F1: USF1 Punished by FIA as They Argue Their Lack of Money Was Bernie’s Fault

What Happens When It’s More About Deterrence

1:53pm EST — The FIA announced today that USF1 has “infringed the FIA International Sporting Code, the sporting regulations of the 2010 FIA Formula One World Championship and the obligations resulting from its entry in this Championship.”  According to the FIA press release,

In these circumstances, the Judging Body of the World Motor Sport Council has decided to impose the following sanctions against USF1:
– a fine of 309,000 euros (a sum equivalent to the Entry Fees for the Championship);
– the disqualification of USF1 (which definitively deprives USF1 of the right to take part, in any way whatsoever, in any competition);
– and the payment of the costs incurred by the FIA within the context of this disciplinary procedure.

It is interesting that the FIA has punished USF1, an entity that no longer seems to exist except possibly in incorporation documents.  As noted here at F1B, the contents of the factory and the material possessions of the team were auctioned off exactly two weeks ago.  The legal decision of the WMSC provides some of the more specific details of the situation, including dates when the team requested their entry deferral (February 25, 2010),  when they were told it could not be deferred for 2011 (March 3, 2010), the date USF1 was notified that the PIA president had initiated a Disciplinary Procedure (March 29, 2010), and USF1’s arguments as to why they ought not be punished for signing up and then not showing up for the 2010 F1 championship.  USF1 argued that

[USF1] submitted its application to participate in the 2010 Championship on 3 December 2008.  This was one day before Honda withdrew from Formula One.  USF1 highlighted that the cost cap proposal announced by the FIA caused an adverse reaction among the teams which contributed to a long, drawn-put negotiation of the 2009 Concorde Agreement, which was signed on 31 July 2009.  USF1 stated that it had contracted for significant sponsorship in the months following the signature of the 2009 Concorde Agreement, which included payments due in January 2010.  According to USF1, repeated press stories from parties affiliated with FOM cast doubt on USF1’s participation in the Championship.  As a consequence, USF1’s sponsors held back on their payments. [emphasis added]

USF1 went on to argue that those issues (the removal of the cost cap and greater technical freedom for smaller teams) as well as the negative press stories from those involved in F1 [cough. Bernie Ecclestone. cough.] were not their fault, and were “force majeure” or an act of God they could not control.  As such, USF1 argued that they made all efforts to appear, but “encountered several obstacles.”  While USF1 also claimed that they still had $26 million in sponsorship coming in, the FIA investigator found only $8 million in binding contracts (possibly that brought in by Jose Maria Lopez?) and the other money in non-binding contracts that ought not have been relied upon.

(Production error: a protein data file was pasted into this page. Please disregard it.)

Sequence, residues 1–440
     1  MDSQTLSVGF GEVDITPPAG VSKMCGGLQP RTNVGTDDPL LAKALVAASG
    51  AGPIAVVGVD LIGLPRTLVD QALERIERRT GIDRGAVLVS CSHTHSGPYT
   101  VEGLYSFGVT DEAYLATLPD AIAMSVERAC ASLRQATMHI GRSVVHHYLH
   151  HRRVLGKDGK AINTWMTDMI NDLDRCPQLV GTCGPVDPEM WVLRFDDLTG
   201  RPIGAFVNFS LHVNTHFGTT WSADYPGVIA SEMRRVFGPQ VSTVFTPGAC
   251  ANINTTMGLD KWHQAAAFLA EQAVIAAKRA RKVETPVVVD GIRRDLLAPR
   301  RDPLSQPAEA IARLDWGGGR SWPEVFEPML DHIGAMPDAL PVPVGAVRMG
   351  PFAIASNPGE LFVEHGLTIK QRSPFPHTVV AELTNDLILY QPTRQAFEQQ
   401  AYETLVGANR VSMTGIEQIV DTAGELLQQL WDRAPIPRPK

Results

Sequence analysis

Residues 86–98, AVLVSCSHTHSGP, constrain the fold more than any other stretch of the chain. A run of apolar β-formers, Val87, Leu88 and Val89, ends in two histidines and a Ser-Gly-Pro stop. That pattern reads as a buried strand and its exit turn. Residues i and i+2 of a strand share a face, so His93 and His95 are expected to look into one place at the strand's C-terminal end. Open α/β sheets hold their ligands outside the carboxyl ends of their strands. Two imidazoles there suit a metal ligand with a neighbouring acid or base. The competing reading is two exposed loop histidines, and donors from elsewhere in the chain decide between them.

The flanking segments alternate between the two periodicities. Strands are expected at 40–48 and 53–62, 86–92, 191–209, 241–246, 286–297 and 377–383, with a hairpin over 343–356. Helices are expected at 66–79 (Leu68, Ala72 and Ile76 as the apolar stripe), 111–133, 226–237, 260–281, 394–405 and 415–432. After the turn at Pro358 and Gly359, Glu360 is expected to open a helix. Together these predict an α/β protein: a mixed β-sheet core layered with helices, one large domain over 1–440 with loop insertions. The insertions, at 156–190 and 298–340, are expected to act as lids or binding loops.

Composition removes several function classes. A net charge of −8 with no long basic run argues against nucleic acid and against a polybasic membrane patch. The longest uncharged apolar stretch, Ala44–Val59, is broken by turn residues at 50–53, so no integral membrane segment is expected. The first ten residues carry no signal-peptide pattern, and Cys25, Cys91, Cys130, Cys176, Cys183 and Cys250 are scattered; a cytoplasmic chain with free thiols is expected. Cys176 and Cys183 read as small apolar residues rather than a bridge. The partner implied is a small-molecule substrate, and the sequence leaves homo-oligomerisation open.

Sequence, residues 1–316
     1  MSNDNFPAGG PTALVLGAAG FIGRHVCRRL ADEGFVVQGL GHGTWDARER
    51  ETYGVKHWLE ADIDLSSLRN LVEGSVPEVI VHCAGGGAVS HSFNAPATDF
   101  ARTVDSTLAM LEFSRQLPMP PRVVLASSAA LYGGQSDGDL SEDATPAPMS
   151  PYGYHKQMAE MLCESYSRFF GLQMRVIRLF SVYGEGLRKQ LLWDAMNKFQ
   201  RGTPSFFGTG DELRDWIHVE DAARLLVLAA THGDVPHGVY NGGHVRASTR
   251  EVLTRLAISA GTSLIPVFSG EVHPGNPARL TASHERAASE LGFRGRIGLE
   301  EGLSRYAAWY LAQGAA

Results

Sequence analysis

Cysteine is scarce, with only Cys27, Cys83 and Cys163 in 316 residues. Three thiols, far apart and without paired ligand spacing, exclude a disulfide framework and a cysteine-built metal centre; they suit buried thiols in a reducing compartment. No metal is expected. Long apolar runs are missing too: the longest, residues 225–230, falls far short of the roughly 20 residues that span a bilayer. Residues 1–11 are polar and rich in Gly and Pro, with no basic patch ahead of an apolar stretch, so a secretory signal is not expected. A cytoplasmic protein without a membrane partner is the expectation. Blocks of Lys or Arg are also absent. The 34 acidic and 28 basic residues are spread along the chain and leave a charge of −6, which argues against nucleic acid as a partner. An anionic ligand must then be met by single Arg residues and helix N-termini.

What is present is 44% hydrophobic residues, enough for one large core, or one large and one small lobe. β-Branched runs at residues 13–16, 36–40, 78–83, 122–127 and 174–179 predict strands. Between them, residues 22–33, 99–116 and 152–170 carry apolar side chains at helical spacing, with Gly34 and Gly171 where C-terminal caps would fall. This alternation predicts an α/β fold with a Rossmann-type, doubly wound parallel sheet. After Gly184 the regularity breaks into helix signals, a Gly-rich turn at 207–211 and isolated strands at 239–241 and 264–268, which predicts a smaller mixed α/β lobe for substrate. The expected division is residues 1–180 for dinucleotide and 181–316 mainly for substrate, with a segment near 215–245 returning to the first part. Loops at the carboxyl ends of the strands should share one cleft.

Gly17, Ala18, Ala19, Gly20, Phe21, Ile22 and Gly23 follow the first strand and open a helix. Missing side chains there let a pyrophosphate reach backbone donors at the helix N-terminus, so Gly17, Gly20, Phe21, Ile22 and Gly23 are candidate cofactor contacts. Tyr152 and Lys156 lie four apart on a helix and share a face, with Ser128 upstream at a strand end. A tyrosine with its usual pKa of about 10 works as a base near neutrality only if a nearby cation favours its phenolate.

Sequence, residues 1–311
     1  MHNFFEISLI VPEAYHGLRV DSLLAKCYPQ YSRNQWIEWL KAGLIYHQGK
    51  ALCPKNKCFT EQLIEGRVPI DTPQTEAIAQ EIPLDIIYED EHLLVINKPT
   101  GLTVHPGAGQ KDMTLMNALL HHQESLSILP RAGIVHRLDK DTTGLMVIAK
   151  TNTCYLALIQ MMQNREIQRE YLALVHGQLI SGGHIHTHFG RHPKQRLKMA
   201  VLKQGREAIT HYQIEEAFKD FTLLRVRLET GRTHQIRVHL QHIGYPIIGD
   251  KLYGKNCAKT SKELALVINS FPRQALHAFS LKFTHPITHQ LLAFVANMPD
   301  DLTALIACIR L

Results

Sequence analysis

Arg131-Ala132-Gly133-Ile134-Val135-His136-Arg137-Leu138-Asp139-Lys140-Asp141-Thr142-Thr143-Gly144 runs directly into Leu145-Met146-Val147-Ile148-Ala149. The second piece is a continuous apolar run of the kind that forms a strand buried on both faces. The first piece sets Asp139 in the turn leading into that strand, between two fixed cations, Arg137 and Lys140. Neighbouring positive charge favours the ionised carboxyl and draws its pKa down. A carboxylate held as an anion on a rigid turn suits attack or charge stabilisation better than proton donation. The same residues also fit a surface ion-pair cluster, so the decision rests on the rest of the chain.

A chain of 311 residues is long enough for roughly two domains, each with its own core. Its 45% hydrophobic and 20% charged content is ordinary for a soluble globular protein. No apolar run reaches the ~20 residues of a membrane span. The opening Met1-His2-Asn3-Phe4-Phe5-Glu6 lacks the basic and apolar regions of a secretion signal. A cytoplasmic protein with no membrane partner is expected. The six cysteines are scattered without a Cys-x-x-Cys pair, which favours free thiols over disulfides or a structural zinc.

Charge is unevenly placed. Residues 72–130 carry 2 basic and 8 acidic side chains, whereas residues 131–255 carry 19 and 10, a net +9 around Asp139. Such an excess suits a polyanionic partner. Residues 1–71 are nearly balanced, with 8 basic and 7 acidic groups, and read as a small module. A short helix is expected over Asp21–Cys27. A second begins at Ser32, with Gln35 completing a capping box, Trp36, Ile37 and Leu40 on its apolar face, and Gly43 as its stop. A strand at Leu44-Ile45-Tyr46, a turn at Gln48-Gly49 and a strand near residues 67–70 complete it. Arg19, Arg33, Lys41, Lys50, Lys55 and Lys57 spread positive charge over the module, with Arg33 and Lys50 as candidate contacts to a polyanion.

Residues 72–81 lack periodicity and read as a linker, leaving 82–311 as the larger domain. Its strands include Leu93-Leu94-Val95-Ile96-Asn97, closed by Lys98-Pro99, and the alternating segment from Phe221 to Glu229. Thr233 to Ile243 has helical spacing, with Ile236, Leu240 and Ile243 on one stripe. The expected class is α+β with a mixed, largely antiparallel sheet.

As for those pesky media statements, the FIA noted that they nor their agents made any of them, and for the more recent one highlighted by USF1 on December 22, 2009, “by which time, it might be suggested, with less than three months until the first race, there might well have been genuine doubt over the ability of USF1 to make the first race.”  The decision also noted that “force majeure” is explicitly defined, and “the lack of funds” does not fall under that category.  Ken Anderson, from the decision, appeared to have been present in Geneva for the hearing, as it states that “he said the team had lost of the order of USD20 million and he was adamant that he had done everything he could.”

In the end, the WMSC determined that

the Team, whilst well-intentioned, had displayed poor financial management and had underestimated the requirement to present an F1 car for the 2010 season in the time and with the financial resources available to them.  It was wholly unacceptable that the FIA was presented with only three weeks warning of the total non-appearance of the team at the Grand Prix of Bahrain and for the 2010 season, and WMSC members had real concerns about the impact on the Championship, not least the deprivation of the opportunity of another team to have provided two cars to urn in the Championship in 2010 instead of USF1.

The aforementioned sanctions were therefore imposed, not that they’ll do much good other than making other potential teams give more notice before they back out of competing in F1.  The most interesting part, though, was the reliance on blaming Bernie for the failure of the team financially.  Seemed a bit of a weak argument, really.  Though there is room for the team to appeal, it seems unlikely that they or Ken Anderson have the financial wherewithal to go through the courts further.


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